Step 15: Start making changes to your manuscript. Trust your editor, but don’t be afraid to question her suggestions. A good editor can provide a reasonable explanation for every suggestion. If it’s not clear in the memo, ask.

Step 16: Send an email to your editor, thanking her for the great suggestions. Begin a conversation about concerns or disagreements. Refrain from using any of the descriptive words you used in Step 8.

Step 17: Finish your revisions. Own them. If you’re publishing traditionally, send the manuscript back to your editor with further thanks and a promise of chocolate. If you’re self-publishing, hire a copyeditor. You’re going to need one.

Step 18: Recall that you have a family staying at a hotel somewhere. Rehearse your explanation for the dent in the wall, then ask them to come home.

Step 19: Celebrate. (Liquor cabinet optional.)

Step 20: Get back to that other book you were writing.

Go Away Publishing Industry. I’m Writing.

It’s entirely possible that what you know about the publishing industry is killing your chances of being published.

I’m not referring to perky and/or snarky agents* who tease you forward with a one-in-a-thousand opportunity they call “querying,” or clueless editors* who wouldn’t know brilliant literature if it bit them in the Franzen. I’m not talking about the endless hoops writers have to jump through whether chasing the graying hope of traditional publishing success or the shiny silver promise of self-published glory. I’m not talking about the dearth of bookstores or the preponderance of ebooks or the utter unpredictability of bestsellers.

I’m talking about the thing that lies beneath all these other things.

I’m talking about information.

It’s ancient news that technology and the Internet Age (social media in particular) have changed and are still changing the publishing game. Not long ago the industry was the privileged child of Monopoly and Aggravation. Now it’s the bastard son of Hungry, Hungry Hippos and Trivial Pursuit. Imperfect board game analogy aside, the biggest difference between then and now is what we know (or can know, provided we have great web-surfing skills).

Logic seems to tilt in a writer’s favor here: Information leads to knowledge. Knowledge leads to power. Ergo, writers who know lots of stuff are powerful.

Yes.

And no.

Yes. We know more. Lots more. We know who stirs the waters and who tries to still them. We know where to find writing advice that makes a difference. We know what it takes to self-publish a book. We know the kinds of bribes agents definitely can’t accept because that would be unethical but as long as you brought that bottle of wine to the conference, sure, I’ll take it.

We know a lot because most of what there is to know is available on the Internet. But knowledge alone isn’t enough. What knowledge really affords us is opportunity. Power comes from knowing how to take advantage of that opportunity.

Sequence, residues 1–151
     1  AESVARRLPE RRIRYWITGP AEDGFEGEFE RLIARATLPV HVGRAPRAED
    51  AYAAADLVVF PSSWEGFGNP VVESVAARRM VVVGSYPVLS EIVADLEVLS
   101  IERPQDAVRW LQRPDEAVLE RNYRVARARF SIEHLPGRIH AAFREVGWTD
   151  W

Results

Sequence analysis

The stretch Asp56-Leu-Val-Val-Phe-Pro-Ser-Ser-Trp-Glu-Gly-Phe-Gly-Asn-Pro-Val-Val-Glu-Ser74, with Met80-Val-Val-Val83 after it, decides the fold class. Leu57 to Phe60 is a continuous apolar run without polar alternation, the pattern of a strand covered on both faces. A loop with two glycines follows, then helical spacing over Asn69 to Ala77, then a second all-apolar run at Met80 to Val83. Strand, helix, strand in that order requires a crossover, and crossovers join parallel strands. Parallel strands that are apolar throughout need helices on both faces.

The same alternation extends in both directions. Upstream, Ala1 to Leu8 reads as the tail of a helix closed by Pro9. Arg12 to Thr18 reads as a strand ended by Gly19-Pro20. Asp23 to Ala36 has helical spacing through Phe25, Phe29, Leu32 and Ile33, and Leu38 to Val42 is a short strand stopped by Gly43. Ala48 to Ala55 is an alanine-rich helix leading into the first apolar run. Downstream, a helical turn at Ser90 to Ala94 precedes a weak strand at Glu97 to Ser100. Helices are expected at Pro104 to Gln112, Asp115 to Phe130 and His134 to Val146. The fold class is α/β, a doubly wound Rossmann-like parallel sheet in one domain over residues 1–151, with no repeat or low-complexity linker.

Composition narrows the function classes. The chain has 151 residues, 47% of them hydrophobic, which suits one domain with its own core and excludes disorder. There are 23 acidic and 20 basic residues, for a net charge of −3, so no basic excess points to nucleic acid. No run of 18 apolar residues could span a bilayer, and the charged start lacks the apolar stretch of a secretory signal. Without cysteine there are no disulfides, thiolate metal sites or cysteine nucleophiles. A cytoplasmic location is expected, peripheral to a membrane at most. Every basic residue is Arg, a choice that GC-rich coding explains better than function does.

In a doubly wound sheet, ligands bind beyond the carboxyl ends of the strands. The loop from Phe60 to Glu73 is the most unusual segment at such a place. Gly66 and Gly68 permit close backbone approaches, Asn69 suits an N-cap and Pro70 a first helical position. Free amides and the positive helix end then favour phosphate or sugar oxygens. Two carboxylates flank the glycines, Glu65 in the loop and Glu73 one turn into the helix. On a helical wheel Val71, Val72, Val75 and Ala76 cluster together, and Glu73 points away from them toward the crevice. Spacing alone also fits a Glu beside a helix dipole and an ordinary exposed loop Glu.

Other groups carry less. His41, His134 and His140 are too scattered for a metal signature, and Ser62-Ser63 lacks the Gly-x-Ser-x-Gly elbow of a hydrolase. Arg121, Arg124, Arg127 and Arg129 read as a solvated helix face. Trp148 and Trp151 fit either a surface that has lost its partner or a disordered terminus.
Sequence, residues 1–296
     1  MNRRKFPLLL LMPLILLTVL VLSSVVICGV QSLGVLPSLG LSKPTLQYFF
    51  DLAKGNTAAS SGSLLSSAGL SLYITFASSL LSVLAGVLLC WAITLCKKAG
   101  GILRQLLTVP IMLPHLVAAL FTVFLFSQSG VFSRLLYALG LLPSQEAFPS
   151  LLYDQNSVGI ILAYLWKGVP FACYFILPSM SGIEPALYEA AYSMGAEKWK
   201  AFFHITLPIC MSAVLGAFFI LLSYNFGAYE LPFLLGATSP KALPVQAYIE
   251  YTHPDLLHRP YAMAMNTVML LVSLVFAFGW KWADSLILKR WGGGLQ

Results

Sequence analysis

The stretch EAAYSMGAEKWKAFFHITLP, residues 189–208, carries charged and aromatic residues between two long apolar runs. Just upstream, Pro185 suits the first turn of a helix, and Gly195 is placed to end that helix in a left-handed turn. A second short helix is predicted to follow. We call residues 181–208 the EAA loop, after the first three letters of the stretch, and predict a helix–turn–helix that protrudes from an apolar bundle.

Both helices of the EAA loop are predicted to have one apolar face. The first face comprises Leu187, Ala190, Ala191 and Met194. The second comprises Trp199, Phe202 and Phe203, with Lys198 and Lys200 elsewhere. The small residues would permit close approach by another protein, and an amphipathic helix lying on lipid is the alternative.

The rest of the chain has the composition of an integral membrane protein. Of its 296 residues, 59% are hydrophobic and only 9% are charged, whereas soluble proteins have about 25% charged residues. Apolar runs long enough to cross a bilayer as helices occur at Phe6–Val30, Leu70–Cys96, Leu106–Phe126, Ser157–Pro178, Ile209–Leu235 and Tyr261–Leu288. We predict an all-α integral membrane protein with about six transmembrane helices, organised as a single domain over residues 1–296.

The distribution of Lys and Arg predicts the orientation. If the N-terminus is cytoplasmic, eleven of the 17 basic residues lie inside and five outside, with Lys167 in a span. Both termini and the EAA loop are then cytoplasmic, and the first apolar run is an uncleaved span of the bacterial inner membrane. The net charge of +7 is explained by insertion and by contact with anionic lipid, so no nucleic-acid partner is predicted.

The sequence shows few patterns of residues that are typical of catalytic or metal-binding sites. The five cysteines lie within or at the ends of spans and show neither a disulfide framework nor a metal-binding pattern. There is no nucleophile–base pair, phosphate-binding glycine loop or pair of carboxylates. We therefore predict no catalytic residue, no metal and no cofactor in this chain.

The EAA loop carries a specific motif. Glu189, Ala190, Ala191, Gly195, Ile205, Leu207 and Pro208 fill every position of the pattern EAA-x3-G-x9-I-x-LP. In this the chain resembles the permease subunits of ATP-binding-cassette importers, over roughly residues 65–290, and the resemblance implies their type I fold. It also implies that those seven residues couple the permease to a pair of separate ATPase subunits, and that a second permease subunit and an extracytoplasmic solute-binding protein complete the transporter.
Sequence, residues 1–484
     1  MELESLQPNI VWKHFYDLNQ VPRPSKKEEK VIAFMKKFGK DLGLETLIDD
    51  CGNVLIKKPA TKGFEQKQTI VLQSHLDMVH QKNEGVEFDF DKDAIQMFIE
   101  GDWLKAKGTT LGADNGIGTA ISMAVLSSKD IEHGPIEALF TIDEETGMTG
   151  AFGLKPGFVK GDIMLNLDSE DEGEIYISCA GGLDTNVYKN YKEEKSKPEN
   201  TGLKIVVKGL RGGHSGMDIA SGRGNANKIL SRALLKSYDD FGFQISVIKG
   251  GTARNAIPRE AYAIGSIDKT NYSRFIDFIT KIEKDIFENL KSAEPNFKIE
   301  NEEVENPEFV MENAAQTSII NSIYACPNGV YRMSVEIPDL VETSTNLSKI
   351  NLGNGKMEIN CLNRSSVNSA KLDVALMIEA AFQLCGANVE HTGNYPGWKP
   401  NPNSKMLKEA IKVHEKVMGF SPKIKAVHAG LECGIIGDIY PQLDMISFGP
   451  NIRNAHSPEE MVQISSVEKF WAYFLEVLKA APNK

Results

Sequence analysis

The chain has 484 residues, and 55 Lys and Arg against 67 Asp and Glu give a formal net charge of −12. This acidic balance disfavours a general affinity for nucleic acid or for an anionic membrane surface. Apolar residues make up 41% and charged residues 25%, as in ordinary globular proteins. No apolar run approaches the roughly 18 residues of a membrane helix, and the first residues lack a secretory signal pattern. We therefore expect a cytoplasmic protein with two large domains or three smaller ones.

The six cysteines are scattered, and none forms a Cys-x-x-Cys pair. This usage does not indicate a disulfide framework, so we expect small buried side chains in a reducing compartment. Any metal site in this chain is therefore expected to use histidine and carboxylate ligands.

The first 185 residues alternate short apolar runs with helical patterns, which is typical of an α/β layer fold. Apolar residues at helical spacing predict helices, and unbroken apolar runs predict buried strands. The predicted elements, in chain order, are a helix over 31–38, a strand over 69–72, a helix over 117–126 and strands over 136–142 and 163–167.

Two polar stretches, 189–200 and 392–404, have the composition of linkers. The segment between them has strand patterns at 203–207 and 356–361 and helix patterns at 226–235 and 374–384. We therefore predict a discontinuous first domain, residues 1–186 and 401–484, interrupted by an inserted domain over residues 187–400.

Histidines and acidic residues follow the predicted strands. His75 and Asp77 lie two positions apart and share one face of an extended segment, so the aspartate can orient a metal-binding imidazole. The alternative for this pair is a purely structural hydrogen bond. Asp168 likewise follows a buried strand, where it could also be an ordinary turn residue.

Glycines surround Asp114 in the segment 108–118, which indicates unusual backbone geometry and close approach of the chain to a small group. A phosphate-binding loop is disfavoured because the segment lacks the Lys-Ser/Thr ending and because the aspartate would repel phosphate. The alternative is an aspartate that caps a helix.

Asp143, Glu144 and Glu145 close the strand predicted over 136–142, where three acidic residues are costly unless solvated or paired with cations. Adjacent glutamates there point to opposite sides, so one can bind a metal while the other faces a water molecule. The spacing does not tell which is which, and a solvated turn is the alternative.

And don’t forget that with opportunity comes responsibility. Try querying an agent without first studying her query guidelines and see what happens. (No. Don’t. I hate to see a writer cry.)

And no. When everyone has access to the same information, none of us is more powerful than the next. In many ways, it’s even harder to get noticed, now that everyone with a computer, an iPad, a smart phone, or a heartbeat thinks he can write a novel.

About that novel…

Did you forget about your novel? You’re not alone. Most writers I know struggle to stay focused on their story, and it’s not just external distractions (children, spouses, Kardashians) that have them wedged between the rock of industry knowledge and the hard place of writing.

The abundance of publishing information (and easy access to it) may well be the number one cause of writer’s block. When writers should be listening to the protagonist’s plea for conflict, instead they’re worrying about whether or not the book is marketable. Or they’re praying for the perfect agent. Or they’re suffering the metaphorical flop-sweat of query-fear.

But there’s an easy solution. Right? All you need is one of those writing programs that can go full-screen with the click of a button. Or a legal pad and a pen. And maybe a writing spot without Internet access.

No distractions.

Apart from all that you know (and don’t yet know) about the publishing industry. You know a lot, remember?

This isn’t going to get easier. The publishing industry is shedding more and more of its clothes every day. It’s all there for everyone to see. Not quite naked, but still NSFW. And once you’ve seen it, you can’t un-see it.

Except that to write well, that’s exactly what you must do.

The publishing industry needs to go away while you write.

Maybe you write in short bursts between games of solitaire. Maybe you prefer day-long marathons. Whatever your mechanics, you must not let the publishing industry intrude on the mystery of storytelling. While you write, the industry no longer exists. It’s just you and your characters and all the things they do.